Global tropical deforestation rates are currently estimated to be as high as 14.8 million hectares per year (about the size of Bangladesh), while deforestation is responsible for nearly one-fifth of the global greenhouse gas emissions – more than the entire transport sector.

Clearing of tropical forests may release an additional 87 to 130 Gt by 2100, corresponding to the carbon release of more than a decade of global fossil fuel combustion at current rates.

Reducing deforestation rates by 50 per cent by 2050 and then maintaining them at this level until 2100 would avoid the direct release of up to 50Gt of carbon this century.
Conventional logging techniques damage or kill a substantial part of the remaining vegetation during harvesting, resulting in large carbon losses.

Improved logging techniques can further reduce carbon losses by around 30 per cent compared to conventional logging techniques.

Forests around the world act as powerful carbon sinks: those in Central and South America are estimated to take up taking up around 0.6 Gt C, African forests somewhat over 0.4 Gt, and Asian forests around 0.25 Gt.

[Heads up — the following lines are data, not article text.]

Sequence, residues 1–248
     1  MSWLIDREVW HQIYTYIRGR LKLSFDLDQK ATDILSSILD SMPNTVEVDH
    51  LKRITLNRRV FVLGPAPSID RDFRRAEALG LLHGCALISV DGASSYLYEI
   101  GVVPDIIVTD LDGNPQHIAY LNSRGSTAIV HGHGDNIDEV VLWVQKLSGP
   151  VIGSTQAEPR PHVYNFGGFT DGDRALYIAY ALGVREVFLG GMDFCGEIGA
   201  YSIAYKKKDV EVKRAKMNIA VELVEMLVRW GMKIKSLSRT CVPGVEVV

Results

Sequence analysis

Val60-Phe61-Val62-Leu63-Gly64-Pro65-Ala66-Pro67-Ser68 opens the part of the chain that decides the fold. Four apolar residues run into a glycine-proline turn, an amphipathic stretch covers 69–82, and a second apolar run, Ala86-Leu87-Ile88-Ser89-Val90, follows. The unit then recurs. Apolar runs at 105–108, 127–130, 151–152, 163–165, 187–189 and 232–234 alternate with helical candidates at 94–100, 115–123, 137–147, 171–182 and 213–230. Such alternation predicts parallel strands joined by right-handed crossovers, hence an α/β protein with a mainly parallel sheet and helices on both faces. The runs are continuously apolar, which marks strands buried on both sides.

Temperate forests in Europe and North America have been expanding over recent years—in Europe they are estimated to be capturing and storing between seven and 12 per cent of Europe’s emissions. Further reforestation and management could enhance this further.

Agriculture – climate neutral by 2030

The agricultural sector has the largest readily achievable gains in carbon storage if best management practices – such as avoiding turning over the soil and using natural nutrients like compost and manure – were widely adopted.

Up to 6 Gt of CO2 equivalent, or up to 2 Gt of carbon, could be sequestered each year by 2030, which is comparable to the current emissions from the agricultural sector.

Many of the agricultural practices that store more carbon can be implemented at little or no cost. The majority of this potential – 70 per cent – can be realized in developing countries.

Fully returning straw to croplands in China could sequester around 5 per cent of the carbon dioxide emission from fossil fuel combustion in that country based on 1990 emissions.

Many agricultural areas in the Tropics have suffered severe depletion of their soil carbon stocks. Some soils in tropical agricultural systems are estimated to have lost as much as 20 to 80 tonnes of carbon per hectare, most of which has been released into the atmosphere.

Agroforestry – where food production is combined with tree planting – has a particularly high potential for carbon sequestration in tropical areas.